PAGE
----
# How to calculate value of voltage by light intensity?

I want to write the code to turn the LED on when the light intensity that falls on the photoresistor decreases. So in daylight LED is off, and when it's getting dark LED goes on. I know that resistance depends on light intensity. When is bright resistance is low and it goes higher when it's getting darker. Also, I get that voltage changes with resistance. So I need to turn the LED on when the voltage coming from the photoresistor is low. The problem is I don't know how to calculate exact values. How to calculate voltage value when the Sun is going down and the light is low? Also, how can I compare this value with an integer when writing if loop.

Can I use voltage value in code or do I have to convert it?

• List all the variables for Lux, then estimate the ranges for sunny, cloudy and use a cheap calibrated white light log voltage sensor (Vishay or Infineon if they still make them) Use two at 45 deg and add to get a broader view? . The logic might also need hysteresis. Don't use a poor accuracy LDR Even a PD is more accurate But DO define how much you are willing to tolerate. for error. Commented Jan 23, 2022 at 16:40
• Why do you need to calculate it? Can't you have the light go on and off at some values that do the job? Because, it can't be calculated exactly anyway, as you don't mention the other resistance value or how the LDR reacts to light, and would you know the light level you want so you could calculate the resistance. Components also have some tolerance. Comparison can be performed between two integers in many programming languages, you just did not mention which language. Commented Jan 23, 2022 at 16:42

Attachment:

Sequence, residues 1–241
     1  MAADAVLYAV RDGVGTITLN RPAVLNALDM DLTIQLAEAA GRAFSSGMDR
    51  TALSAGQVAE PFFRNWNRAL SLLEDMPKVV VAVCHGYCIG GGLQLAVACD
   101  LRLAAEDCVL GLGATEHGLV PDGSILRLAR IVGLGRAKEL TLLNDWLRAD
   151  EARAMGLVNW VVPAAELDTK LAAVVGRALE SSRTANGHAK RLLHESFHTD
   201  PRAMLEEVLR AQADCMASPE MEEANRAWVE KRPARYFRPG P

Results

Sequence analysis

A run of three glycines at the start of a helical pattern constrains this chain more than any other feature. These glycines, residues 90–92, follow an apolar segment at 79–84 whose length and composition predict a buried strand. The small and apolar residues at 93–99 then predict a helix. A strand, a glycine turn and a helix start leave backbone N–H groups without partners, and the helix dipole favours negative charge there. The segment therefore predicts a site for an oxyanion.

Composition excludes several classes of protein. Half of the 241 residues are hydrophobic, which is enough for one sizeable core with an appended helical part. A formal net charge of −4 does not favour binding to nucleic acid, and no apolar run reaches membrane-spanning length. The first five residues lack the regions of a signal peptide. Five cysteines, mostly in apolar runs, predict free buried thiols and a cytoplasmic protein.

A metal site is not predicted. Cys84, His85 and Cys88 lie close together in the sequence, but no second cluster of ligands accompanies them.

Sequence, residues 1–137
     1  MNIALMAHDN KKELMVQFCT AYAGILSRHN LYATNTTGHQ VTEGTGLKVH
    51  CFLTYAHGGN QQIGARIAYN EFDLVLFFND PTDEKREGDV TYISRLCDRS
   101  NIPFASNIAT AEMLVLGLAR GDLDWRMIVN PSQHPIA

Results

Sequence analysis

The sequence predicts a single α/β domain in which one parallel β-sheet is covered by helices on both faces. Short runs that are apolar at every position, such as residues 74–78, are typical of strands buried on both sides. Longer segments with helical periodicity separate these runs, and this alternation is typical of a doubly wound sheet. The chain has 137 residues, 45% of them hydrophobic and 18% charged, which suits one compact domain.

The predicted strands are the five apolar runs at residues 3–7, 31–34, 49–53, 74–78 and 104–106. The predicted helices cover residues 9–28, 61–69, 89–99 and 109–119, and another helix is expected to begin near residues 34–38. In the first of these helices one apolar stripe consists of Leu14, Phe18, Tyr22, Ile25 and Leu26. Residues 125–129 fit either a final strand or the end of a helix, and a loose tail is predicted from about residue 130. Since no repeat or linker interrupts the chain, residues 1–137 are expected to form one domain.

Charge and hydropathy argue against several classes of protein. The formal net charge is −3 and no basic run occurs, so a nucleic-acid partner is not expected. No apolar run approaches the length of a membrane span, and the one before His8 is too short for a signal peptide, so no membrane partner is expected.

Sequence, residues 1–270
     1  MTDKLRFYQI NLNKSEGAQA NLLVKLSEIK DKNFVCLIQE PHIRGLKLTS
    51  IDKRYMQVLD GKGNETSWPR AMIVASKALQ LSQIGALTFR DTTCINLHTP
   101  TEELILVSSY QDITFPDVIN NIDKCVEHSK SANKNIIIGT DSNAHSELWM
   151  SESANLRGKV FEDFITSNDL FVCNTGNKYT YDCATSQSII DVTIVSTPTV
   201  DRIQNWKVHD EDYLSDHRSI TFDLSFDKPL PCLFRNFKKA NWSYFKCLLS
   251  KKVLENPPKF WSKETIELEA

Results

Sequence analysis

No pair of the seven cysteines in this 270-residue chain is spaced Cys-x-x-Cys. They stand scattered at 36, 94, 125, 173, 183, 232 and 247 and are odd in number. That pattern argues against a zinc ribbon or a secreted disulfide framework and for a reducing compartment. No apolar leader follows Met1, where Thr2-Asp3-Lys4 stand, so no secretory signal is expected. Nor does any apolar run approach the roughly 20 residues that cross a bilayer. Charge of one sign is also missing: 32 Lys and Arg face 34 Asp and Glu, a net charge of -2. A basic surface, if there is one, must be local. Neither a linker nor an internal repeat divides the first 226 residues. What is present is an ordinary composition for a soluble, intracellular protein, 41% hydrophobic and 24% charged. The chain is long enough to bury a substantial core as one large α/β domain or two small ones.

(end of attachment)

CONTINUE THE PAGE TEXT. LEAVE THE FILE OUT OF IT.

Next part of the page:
• Can't you just build the circuit and observe what values you get? Don't talk about exact values because you won't get them. Commented Jan 23, 2022 at 16:43
• Don't calculate, measure. Build the circuit. Adjust the threshold levels until it changes at the light levels you want. Commented Jan 23, 2022 at 17:58

Perhaps calibrating LDR light-versus-resistance is unnecessary...

Think of maintaining a constant light level, be it from daylight or LED source. Thus, the LDR will be maintained at a fixed value of resistance. LED will provide all the light in darkness, and no light during daylight.

LED provides some light during day/night transitions. This might be accomplished efficiently with PWM, fast enough that LDR resistance doesn't change much during PWM on/off periods.

simulate this circuit – Schematic created using CircuitLab

The software adjusts PWM duty cycle to maintain LDR resistance at a constant value. The microcontroller's ADC would then measure (and maintain) a constant voltage.

Some adjustment of R1 and R2 may be necessary for your unspecified LDR - this circuit and light-adjusting algorithm serves as a circuit-concept rather than definitive, sure-to-work idea. The distance between LED (D1) and LDR1 must be carefully adjusted so that during daylight, LED light is off, or nearly off. R3 limits LED current through D1, limiting its light output...if the LED is too dim at night, move it further from LDR1: the amount of light-coupling from LED D1 -to- LDR1 affects circuit "gain"...some moving-about is required.